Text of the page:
We’re hanging out for a genuine invisibility cloak here at Gizmodo, and it looks like Chinese research into the problem may have hit on a working approach, although whether it’s a “cloak” is debatable. The research, online at Scientific Reports comes from Zhejiang University, Hangzhou, China, where they’ve developed a process that uses hexagonal calcite trapezoids glued together; when a cylidrical object is placed in the dead center, light passing through is refracted directly around the object without any visible deviation; as such you see right “through” the object.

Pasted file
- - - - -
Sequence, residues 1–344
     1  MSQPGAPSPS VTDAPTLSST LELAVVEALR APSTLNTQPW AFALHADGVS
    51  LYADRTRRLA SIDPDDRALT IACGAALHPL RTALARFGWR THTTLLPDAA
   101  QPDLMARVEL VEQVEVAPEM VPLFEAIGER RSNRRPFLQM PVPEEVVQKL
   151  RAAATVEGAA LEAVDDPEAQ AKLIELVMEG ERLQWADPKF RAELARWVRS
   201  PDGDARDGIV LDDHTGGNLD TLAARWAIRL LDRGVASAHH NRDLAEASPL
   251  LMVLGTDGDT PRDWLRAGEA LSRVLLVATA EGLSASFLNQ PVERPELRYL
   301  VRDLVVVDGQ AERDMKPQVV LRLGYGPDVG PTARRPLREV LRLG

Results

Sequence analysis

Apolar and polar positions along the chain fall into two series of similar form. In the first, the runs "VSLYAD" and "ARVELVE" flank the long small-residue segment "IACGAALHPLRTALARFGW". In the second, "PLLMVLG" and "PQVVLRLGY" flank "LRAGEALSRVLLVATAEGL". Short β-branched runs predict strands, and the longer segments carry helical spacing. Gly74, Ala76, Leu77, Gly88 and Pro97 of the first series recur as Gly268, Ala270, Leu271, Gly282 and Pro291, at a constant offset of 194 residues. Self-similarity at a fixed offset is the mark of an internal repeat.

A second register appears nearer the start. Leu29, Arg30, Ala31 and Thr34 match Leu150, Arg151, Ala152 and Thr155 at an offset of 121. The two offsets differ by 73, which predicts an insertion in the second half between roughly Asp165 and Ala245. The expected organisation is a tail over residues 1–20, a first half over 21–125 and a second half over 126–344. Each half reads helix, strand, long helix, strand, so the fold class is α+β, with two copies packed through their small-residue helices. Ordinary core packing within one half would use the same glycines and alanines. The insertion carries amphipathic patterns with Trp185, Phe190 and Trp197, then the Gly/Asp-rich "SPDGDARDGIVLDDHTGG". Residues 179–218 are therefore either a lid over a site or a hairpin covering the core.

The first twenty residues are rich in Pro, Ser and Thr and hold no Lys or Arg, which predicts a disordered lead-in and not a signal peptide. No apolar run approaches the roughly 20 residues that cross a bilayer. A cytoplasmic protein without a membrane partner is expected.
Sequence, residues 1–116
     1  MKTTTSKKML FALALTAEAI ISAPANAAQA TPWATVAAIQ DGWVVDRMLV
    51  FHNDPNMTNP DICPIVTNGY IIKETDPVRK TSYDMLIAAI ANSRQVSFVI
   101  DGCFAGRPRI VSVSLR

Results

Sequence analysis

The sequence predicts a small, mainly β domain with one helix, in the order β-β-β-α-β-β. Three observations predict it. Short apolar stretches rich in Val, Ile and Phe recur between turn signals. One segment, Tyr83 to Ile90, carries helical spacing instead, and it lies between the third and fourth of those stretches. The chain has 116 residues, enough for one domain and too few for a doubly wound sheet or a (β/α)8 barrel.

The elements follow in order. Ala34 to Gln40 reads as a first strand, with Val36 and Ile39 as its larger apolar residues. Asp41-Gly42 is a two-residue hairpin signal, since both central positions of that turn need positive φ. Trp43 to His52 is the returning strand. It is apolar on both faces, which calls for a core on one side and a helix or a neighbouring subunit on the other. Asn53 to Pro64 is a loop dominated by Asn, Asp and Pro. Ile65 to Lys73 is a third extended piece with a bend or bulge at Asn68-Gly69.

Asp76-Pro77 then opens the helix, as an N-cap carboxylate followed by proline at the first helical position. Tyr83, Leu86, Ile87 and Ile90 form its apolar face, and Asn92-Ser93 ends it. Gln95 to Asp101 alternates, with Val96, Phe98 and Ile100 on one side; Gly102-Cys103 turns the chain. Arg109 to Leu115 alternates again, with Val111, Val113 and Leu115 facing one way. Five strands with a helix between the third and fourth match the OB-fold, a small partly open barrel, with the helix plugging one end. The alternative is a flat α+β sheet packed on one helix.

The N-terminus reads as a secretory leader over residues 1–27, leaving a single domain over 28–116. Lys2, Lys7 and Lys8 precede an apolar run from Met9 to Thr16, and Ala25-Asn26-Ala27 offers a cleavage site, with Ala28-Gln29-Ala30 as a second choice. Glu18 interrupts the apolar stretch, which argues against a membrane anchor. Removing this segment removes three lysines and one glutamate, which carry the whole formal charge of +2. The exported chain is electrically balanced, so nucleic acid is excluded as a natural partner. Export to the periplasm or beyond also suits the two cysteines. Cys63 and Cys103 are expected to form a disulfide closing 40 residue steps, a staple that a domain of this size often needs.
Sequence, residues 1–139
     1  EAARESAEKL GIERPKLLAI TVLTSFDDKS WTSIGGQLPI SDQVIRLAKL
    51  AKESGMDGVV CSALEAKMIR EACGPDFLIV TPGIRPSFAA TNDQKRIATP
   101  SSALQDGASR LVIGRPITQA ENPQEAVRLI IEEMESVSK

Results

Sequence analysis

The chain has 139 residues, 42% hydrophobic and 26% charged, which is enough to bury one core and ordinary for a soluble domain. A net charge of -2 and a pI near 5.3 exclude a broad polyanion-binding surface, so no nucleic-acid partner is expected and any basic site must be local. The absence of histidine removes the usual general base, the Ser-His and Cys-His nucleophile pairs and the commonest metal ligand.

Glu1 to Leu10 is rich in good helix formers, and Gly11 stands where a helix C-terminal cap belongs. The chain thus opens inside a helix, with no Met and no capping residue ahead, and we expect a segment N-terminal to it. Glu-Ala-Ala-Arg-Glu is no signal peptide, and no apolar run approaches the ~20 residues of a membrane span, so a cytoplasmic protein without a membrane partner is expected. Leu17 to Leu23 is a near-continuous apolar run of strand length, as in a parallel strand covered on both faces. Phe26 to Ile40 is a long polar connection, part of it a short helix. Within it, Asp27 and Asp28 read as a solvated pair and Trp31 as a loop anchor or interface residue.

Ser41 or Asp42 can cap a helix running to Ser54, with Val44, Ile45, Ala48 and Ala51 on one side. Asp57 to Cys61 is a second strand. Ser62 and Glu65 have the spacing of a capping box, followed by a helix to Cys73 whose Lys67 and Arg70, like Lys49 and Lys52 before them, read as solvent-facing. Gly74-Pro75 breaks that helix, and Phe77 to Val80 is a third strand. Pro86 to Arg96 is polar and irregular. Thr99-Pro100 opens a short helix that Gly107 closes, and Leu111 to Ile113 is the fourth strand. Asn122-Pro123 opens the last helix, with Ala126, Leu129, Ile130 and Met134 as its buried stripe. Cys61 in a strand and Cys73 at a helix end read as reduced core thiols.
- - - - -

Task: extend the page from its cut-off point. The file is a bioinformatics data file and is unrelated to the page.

This kind of work isn’t new in and of itself; what’s particularly significant here is that it’s a highly simplified way of achieving invisibility that doesn’t rely on the cloak being on a specific surface. It’s capable of masking light coming from up to six directions (hey, it’s a hexagon), but the research indicates it should be feasible to implement this kind of approach for every possible angle.
So it’s still a work in progress, albeit a promising new step. Admittedly, being hexagonal means that this particular cloak won’t be the easiest thing to wear comfortably, but take solace -- nobody will be able to tell you’re wearing it anyway. [Scientific Reports] Images: Hongsheng Chen / Scientific Reports